Saturday, December 12, 2009

Finishing Thoughts?

Now that the semester is just about over, our group has finished working at the youth center. And so I’ve become, as one tends to at the end of things, introspective and retrospective. Outrospective?

I’ve been thinking about the words we use. “…our group has finished working…”

“Finished” has such a finality to it, along with an implication of a task being completed. As in, I finally finished that paper. I see the word there and, for me specifically, it lacks an appropriate sense of accomplishment. I recall racing through tests as a kid and slapping it down on the teacher’s desk, saying, almost yelling, “Finished!” I would do that smiling and happy, but the glee was more from completion than the journey. “Finished,” then, strikes me as a combative word. What else could I say though?
I’m done working…
I’m through working…
I’ve terminated working…
I’ve ceased working… That might work, but the sentence then feels like we faded away, like an over-irrigated stream fades into the desert. “Concluded” could work, but it’s awfully sterile. I know I’m being picky, but the though process is the point.

“Working” has been more problematic all semester. I resist using the word “teaching” because that carries more weight than I’m comfortable with, and often what we’ve been doing resembles leading them through activities. Some might say that’s teaching, or even better, facilitating. That’s better (the kids, by the way, will not like the idea of the group being a class), but it still feels off. I’ve been having a lot of feelings lately.

I’ve settled on calling them, generally, “sessions.” Not classes, meetings, or otherwise. People have asked what we do at the youth center.
We have sessions…
We do sessions…
We have a writing group…
We lead a writing group…

I had to stop myself several times from saying “volunteering.” We don’t get paid, of course, which is the main definition, but we do this work for a class. Even though one we elected to take it, there work is ultimately mandated.

The kids (students? members? attendees? So many word choices!) understand this, I believe, in a strong but unspoken way. Ultimately, the method for getting the writing group to work was simply showing up continually. This raises more questions, especially with continuity and the end of a semester.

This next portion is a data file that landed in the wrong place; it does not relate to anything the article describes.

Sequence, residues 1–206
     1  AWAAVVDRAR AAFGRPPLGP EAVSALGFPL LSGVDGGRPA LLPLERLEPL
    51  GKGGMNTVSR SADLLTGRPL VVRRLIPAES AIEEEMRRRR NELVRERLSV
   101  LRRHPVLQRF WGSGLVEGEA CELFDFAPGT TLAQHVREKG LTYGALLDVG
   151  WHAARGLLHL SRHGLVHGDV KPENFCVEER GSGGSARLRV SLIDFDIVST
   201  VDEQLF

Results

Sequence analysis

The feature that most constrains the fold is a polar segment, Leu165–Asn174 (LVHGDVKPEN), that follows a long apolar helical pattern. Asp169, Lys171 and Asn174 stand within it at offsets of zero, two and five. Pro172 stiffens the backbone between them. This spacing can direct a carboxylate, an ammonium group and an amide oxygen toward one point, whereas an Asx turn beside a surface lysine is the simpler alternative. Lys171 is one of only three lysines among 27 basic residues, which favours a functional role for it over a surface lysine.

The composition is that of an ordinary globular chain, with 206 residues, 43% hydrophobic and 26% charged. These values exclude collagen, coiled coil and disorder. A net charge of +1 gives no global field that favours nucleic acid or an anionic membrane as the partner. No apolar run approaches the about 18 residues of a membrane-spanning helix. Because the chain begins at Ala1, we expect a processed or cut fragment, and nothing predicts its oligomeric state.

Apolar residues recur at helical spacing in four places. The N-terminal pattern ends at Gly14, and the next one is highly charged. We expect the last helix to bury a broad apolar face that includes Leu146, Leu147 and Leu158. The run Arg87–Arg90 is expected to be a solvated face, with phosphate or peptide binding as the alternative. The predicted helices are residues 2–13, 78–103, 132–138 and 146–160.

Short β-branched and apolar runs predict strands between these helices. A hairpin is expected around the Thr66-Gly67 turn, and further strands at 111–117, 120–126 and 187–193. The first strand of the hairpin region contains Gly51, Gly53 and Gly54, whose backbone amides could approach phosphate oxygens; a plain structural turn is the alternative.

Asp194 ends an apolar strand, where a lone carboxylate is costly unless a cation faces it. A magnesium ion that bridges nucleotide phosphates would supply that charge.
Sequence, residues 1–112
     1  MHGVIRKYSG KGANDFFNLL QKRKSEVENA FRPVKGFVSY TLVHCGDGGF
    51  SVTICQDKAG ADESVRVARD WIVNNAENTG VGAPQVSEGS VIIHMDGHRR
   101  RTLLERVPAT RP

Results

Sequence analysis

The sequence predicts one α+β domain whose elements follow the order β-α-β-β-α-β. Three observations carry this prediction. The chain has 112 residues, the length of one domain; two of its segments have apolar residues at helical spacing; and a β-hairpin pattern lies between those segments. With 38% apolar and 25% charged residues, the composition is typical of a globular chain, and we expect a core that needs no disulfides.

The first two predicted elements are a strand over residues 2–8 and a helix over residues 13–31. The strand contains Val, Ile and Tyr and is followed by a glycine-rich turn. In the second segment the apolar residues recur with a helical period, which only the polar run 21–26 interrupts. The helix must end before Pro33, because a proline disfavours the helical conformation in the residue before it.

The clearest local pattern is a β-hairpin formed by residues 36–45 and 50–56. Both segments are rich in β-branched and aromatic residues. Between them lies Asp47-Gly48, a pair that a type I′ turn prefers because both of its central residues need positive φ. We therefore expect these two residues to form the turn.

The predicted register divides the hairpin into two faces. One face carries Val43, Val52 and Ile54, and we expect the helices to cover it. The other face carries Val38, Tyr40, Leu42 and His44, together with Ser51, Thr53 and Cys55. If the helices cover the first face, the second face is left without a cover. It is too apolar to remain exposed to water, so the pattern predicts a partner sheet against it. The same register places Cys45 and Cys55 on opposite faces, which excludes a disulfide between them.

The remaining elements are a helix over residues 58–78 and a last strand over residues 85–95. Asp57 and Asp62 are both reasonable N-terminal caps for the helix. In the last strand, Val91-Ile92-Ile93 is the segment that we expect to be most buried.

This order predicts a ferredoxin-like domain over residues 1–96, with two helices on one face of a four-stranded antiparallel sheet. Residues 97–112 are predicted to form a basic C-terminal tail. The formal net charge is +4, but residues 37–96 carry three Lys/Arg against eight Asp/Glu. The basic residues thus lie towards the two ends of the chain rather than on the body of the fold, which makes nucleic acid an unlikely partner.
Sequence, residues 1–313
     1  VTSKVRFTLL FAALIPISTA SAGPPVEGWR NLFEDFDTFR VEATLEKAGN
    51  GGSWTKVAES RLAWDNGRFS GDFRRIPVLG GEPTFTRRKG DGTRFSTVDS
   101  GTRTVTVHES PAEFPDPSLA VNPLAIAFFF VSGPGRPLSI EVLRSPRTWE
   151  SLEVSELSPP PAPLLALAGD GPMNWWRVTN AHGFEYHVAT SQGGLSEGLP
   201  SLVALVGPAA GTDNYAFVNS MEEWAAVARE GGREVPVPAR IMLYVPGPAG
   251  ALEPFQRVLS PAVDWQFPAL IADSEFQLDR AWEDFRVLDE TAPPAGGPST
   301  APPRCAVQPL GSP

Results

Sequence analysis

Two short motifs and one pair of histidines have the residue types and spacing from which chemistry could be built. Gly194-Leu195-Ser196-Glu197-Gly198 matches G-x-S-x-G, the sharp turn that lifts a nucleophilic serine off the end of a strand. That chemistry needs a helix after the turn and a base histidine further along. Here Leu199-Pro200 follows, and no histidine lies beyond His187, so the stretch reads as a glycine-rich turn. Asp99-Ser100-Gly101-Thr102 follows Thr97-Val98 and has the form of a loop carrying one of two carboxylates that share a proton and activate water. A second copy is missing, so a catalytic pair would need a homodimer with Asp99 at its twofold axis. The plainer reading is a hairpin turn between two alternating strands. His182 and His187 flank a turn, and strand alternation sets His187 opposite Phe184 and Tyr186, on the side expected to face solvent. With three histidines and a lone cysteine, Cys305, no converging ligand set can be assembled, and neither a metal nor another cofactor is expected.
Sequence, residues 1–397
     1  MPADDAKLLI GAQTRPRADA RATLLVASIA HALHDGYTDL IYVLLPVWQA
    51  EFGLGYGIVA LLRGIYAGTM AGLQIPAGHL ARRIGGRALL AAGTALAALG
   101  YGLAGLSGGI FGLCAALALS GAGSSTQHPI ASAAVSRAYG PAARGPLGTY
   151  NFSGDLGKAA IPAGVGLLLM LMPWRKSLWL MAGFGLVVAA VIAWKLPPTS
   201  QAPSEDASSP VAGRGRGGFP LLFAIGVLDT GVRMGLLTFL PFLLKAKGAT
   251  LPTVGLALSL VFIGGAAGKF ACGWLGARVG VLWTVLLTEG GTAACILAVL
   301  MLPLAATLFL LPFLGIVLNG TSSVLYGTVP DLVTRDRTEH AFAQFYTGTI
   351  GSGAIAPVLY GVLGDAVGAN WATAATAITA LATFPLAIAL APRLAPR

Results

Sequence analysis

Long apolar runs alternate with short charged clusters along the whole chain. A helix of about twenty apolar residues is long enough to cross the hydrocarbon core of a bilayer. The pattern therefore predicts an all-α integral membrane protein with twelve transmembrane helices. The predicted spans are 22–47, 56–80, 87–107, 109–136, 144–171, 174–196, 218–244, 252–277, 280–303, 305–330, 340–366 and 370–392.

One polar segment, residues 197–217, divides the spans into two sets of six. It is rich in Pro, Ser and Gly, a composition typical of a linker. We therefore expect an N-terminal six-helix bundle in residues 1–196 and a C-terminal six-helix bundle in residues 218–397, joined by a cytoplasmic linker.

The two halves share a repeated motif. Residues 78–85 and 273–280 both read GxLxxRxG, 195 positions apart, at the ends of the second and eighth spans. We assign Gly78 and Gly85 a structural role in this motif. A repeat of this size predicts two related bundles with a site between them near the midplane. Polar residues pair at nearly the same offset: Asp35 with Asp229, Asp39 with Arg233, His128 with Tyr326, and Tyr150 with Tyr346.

But I want to talk, only briefly, about the last activity/thing/lesson/work we did. We did a Pass-around, six simultaneously. Each person wrote a line or two to start, and then passed the paper to the left. Each person added a line or two, and this process continued until we got our originals back. Then we each finished/ended/whatevered the story we began.

It rocked. It was a great way to end, as it reinforced the idea of a group, even as we prepared to leave. It also mirrored how we began 10 sessions ago, which was a communal poem about Pennsylvania (see earlier post). It was also, finally, the right balance of levity and work. Even the unevenness of having 6 different writers of different ages and style and skill added positively to it. It’s an exercise I wouldn’t recommend for an introductory or early session—people need to be comfortable, and the kids need to trust you. Once again, those things don’t happen at the beginning, even with a true volunteering relationship. But it’s a great way to finish.


  1. Thank you for this post!
    I have had a similar problem when I try to explain to someone just what, exactly, we are doing in these sessions. It's almost like the vocabulary doesn't quite exist. Or is it our own failure to establish what our role(s) is(are) in these meetings?
    I think the problem (no, that's too strong--"situation"?) we share is largely due to the age group we work with ("work with" sounds like what one does with Play-Doh--do we mold these children?) Children, ages 10-14, are used to the classroom setting and so readily assume we are teachers of some sort. But the academic setting presents particular restraints that we want to avoid--grading, evaluation, classroom politics, the need to put creativity on hold (sometimes). Even "leader" sounds too authoritative--or at least implies a hierarchy based on age and writing skill.
    "Facilitator" is pretty good. But so clinical sounding!
    But I wonder about referring to our role as "peer writers." I am thinking back to our final session--the pass-around story--and how beautifully that worked. I agree with your advice not to do this exercise early in a group's history; it demands a mutual respect and a sense of community. But our final session, more than any other this semester, felt like peer-writing to me--not just because we were building off of each others' words, but because each writer seemed to have a sense of authorship ("I wrote this," "I want this story to be about this") mingled with a curiosity for another's addition. We were all authors--on the same level. No one needed to lead because we all did.
    Peer writing at its finest.

  2. I <3 Andrea's love of peer writing. I also <3 time travel.